Hillary Clinton's shadow loomed large on the Sunday talk show circuit as the political world prepared for her long-awaited formal entree into the 2016 presidential race. GOP opponent Rand Paul questioned the Clinton Foundation's ties to Saudi Arabia while John Kerry and New York Mayor Bill de Blasio, a former Clinton campaign manager, both declined to endorse the candidate just yet.
Asked about potential debates with Clinton, presidential hopeful Sen. Rand Paul, R-Ky., said he would “treat her with the same respect I would treat a man.” Acknowledging his reputation as a stubborn opponent, Paul told CNN's "State of the Union" it would be “a sexist sort of response to say, ‘Oh my goodness she deserves not to be treated as aggressively because she’s a woman.’”
Later in the day Paul said in an interview on CBS’ “Face the Nation” Clinton’s popularity with women was at odds with gifts the Clinton Foundation has received from “Stone Age sort of regimes that really abuse the rights of women.” Saudi Arabia has donated tens of millions of dollars to the Clinton Foundation.
Paul wasn’t the only Republican to pile criticism on Clinton. Mitt Romney, 2012's GOP standard-bearer, said Clinton is “just not trustworthy” in an interview on “Fox News Sunday.” On CBS’ “Face the Nation,” Republican National Committee Chairman Reince Priebus sounded a similar note, casting Clinton as "someone the American people can't trust.”
Former Arkansas Gov. Mike Huckabee called Clinton a “formidable candidate” on ABC’s “This Week,” but suggested her proximity to President Obama would raise difficulties. Announced presidential contender and former Florida Gov. Jeb Bush released a video Sunday explicitly linking the two Democrats. “We must do better than the Obama-Clinton foreign policy,” Bush said, blaming the two for “failed, big-government policies.”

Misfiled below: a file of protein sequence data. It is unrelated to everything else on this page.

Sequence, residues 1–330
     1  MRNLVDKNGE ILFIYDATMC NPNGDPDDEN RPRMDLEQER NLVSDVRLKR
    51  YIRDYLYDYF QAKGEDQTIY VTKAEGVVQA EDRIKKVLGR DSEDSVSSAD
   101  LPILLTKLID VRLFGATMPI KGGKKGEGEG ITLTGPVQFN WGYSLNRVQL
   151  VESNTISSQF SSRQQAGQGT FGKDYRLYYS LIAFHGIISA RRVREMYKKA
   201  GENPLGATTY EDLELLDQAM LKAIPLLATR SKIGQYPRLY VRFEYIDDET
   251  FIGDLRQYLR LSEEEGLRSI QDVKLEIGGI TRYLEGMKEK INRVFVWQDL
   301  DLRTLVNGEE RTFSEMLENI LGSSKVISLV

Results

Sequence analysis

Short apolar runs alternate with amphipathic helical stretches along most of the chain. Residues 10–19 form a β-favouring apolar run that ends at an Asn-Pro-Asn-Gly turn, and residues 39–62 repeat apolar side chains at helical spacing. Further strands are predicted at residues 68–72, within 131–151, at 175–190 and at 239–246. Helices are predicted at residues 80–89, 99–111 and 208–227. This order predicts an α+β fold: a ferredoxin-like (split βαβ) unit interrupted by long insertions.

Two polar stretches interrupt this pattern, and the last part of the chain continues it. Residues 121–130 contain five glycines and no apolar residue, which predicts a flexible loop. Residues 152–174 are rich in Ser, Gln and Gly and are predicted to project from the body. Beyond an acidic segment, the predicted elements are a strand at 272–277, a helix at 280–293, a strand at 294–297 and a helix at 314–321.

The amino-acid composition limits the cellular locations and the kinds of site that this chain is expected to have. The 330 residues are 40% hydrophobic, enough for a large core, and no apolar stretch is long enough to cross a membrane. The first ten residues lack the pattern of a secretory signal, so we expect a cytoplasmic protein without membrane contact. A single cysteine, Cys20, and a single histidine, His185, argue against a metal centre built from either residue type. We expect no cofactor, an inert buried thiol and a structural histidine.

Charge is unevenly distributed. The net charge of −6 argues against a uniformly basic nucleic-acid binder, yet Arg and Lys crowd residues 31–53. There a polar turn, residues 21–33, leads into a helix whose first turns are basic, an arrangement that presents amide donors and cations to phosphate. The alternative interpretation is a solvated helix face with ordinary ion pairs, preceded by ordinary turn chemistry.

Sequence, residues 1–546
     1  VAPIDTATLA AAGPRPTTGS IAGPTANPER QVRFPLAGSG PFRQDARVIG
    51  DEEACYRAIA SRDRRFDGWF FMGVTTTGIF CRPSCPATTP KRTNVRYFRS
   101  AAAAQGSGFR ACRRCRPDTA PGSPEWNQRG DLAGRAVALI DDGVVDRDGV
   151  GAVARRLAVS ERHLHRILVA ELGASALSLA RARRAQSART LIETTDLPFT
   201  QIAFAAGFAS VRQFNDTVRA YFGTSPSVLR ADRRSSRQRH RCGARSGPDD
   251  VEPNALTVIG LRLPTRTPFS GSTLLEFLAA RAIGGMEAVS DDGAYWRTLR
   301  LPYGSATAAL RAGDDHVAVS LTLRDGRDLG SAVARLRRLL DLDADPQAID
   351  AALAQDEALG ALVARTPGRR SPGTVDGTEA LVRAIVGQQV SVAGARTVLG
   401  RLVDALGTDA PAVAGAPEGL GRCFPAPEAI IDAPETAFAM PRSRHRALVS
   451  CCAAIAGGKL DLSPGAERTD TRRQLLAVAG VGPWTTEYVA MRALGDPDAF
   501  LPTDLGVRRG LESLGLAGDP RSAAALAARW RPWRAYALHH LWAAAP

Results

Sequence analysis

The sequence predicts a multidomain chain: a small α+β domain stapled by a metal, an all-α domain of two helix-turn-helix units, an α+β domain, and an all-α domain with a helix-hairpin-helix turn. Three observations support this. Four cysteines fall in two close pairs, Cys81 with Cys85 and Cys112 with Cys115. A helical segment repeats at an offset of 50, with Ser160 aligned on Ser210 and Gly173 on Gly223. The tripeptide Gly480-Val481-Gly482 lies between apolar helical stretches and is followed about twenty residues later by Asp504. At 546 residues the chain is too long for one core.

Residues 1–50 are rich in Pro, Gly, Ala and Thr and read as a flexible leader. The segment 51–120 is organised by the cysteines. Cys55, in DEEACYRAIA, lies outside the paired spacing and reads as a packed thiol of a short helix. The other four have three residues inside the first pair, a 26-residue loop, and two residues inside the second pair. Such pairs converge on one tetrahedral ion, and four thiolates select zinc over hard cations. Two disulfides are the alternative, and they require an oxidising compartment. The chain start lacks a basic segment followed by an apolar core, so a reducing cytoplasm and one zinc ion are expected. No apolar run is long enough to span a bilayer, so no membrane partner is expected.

Bill de Blasio
New York City Mayor Bill de Blasio, a progressive Democrat, punted on endorsing the presumptive candidate. “I would say this about any candidate, until I see an actual vision of where they want to go,” the mayor said of Clinton on NBC’s “Meet the Press.”
“We need to see the substance,” he said.
De Blasio managed Clinton’s 2000 Senate campaign but was reportedly shouldered aside in the crucial last months of the contest. In the last year de Blasio lobbied unsuccessfully to have the high-profile 2016 Democratic National Convention held in Brooklyn. His consolation prize: Clinton will reportedly base her campaign in Brooklyn Heights.
Secretary of State John Kerry, who has had his hands full with Iran and Cuba, also declined to endorse Clinton Sunday. “As you know, the secretary of state, happily, is able to not be involved in the presidential hurly burly,” Kerry said on ABC’s “This Week.”
Kerry also defended the provisional agreement with Iran over nuclear weapons and the administration’s moves to thaw diplomatic relations with Cuba. On NBC’s “Meet the Press,” Kerry was asked about anonymous reports he had suggested Obama take Cuba off the official list of state sponsors of terror. Kerry neither confirmed nor denied the rumors.
On the topic of Iran, Kerry disputed charges, made by Iran's Ayatollah Khamenei and repeated by Sen. John McCain, R-Ariz., U.S. diplomats had oversold the preliminary nuclear deal. Iranian officials have characterized aspects of the deal in ways that differ with reports from the American envoy, specifically regarding to how quickly sanctions would be lifted and the extent of nuclear research that would be permitted.
Kerry said he stood by “every fact that I have laid out” on the provisional Iran deal.
New Jersey Sen. Robert Menendez defended himself Sunday against allegations he had accepted illegal gifts from a Florida ophthalmologist. “I know I will be vindicated and we will win,” he told Fox News.
Menendez was hit with a federal indictment April 1 for allegedly helping Dr. Salomon Melgen obtain visas for girlfriends. The Justice Department also accused the Democratic senator of lobbying the Obama administration for Medicare changes that would directly benefit Melgen.
Menendez has emerged as a staunch opponent of the administration’s evolving Cuba policy. The embattled senator resolved to fight Obama on the matter, despite his ongoing legal battles. “I will not be silenced,” Menendez said.
In other news…
CBS political director John Dickerson will take the helm of “Face the Nation,” replacing that show’s longstanding host Bob Schieffer. Dickerson, a Washington native and veteran political reporter, has made 83 previous appearances on the show.